3)      Meanwhile, cook noodles according to package directions; drain. Toss with remaining butter (and olive oil). Place on serving plate. Top with stroganoff mixture.

 If you’re really lazy after all the turkey and pie, you can resort to my very own Thanksgiving Shepherd’s Pie

Preheat oven to 350°

Layer in a casserole dish, leftover:



Mashed potatoes

Corn, peas, butternut squash or whatever leftover veggies you have (brussel sprouts and turnip EXCLUDED)

Layer of stuffing on top (add a thin layer of gravy on top to keep moist)

Cover and bake 45-50 minutes or until heated through.

Top with cranberry sauce, and serve

Not the least bit calorie conscious, but totally yummy!image-food-pyramid (2013_02_16 17_02_21 UTC)

 Okay, it’s your turn. What do you do with all your leftovers? 

Happy Thanksgiving!

Happy Thanksgiving, darlings! Suze here, writing to you from the deck of my cabin in the woods. I woke in time to see the sunrise over the lake. A flock of ducks just came in for a landing on the water below me. A bald eagle just flew past (I never, ever fail to be thrilled, no matter how many times I see them!). And if I’d remembered to set up the coffeepot last night, I’d be enjoying a cup right now, making it pretty much a perfect morning. We make our own electricity here and must be frugal with what we have, so it’s an old-fashioned top-of-the-woodstove percolator for us–no Keurig machine!

I have so much to be grateful for, more this year than most, perhaps. So I’m making a Thanksgiving resolution: to live more mindfully and to practice gratitude in some form every day.

That being said, I’m thankful for all of you, my friends!

Now that the mushy stuff is over, how about a no-longer-secret recipe? I make my Black Friday stew every … Black Friday! I’ve never shopped on Black Friday, and don’t intend to (except maybe once as a bucket list kind of thing). It takes a while, but it’s easy, and it’s a great way to use up leftovers.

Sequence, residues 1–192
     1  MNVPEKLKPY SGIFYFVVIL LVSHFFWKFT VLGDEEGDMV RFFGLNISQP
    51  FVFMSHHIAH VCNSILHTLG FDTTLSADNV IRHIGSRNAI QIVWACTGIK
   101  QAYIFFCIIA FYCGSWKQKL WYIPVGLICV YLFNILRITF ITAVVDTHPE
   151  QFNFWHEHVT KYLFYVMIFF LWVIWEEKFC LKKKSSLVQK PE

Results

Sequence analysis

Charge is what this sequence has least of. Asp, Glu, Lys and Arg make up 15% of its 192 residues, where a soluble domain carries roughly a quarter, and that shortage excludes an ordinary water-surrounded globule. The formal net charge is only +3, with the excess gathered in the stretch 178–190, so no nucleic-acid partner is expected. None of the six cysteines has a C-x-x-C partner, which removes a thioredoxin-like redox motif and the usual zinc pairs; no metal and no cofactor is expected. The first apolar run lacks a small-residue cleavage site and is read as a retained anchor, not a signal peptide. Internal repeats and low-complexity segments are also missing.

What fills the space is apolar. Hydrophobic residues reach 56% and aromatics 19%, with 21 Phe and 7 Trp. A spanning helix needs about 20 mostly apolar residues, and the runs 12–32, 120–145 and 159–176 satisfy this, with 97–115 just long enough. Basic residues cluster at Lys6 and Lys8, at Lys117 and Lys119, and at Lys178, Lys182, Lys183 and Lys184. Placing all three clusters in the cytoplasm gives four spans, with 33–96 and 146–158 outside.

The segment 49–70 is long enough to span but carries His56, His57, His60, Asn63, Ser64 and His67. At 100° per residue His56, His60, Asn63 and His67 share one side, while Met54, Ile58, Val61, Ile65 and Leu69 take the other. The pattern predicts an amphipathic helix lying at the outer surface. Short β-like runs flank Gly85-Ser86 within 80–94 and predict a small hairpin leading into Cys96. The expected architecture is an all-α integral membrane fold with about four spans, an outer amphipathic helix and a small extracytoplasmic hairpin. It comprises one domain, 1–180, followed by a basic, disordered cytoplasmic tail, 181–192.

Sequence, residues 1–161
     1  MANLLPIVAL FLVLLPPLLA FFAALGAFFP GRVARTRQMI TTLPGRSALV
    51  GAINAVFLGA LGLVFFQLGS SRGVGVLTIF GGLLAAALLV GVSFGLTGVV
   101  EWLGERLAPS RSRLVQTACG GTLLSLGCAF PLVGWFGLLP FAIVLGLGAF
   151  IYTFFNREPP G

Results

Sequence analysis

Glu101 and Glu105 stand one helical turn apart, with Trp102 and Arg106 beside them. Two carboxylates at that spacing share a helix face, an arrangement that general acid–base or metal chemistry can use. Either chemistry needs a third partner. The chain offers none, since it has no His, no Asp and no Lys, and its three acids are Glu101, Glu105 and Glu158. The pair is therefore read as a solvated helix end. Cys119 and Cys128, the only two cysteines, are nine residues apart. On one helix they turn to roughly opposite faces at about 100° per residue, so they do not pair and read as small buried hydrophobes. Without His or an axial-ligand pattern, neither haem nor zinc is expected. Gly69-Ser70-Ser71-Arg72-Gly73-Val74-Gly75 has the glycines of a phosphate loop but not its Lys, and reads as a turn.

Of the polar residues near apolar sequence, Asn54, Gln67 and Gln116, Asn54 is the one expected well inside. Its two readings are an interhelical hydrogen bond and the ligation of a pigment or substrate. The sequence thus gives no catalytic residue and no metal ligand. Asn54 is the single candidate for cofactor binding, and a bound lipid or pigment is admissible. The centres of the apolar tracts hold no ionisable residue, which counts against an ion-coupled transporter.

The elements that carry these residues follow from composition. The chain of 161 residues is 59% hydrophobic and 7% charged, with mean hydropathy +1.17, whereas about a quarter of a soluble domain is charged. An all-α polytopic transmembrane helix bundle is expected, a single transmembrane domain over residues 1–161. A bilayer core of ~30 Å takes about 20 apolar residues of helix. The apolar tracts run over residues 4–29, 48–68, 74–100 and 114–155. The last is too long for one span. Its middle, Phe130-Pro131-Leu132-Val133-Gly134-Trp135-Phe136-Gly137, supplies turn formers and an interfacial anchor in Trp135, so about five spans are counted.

Pick as much meat as you can off the turkey frame and refrigerate the meat. Get a big stock pot and put the frame in the pot, breaking it up if you need to. Toss in the wing tips, and any other bones that people didn’t gnaw on (legs, thigh, wings), as well as a quartered onion, a couple of bay leaves, a few carrots, a few stalks of celery, and a parsnip if you have one. Fill the pot about 2/3 full with water, cover, and put the pot on the stove. (I make mine on a woodstove here at the cabin). Bring the water almost to a boil, then lower the heat and simmer for several hours. Remove from heat and cool slightly.

Strain out all the solids, discard, and return broth to the pot. (I find it works well to use two strainers—one with larger holes nested inside one with finer mesh).

Now comes the fun part. Add in:

-2 cans of cream of celery/mushroom/chicken soup, undiluted, or a combination of soups

-3 cans of creamed corn

-Leftover mashed potatoes

-Leftover gravy

-Leftover corn (or a can of corn, drained)

Stir to combine, and heat through (10 or 15 minutes is plenty). A few minutes before serving, add leftover turkey and heat for a couple more minutes.

Ladle into big bowls, and serve with a green salad and a loaf of French bread (I’m a fan of the Pillsbury French bread, the kind that comes in a tube in the refrigerator section).  Don’t forget leftover pie for dessert.

This feeds a crowd! If you don’t have a crowd, freeze the rest. It’s nice to pull out a tub of homemade soup for a quick supper or lunch on a cold winter day.

Have a wonderful day!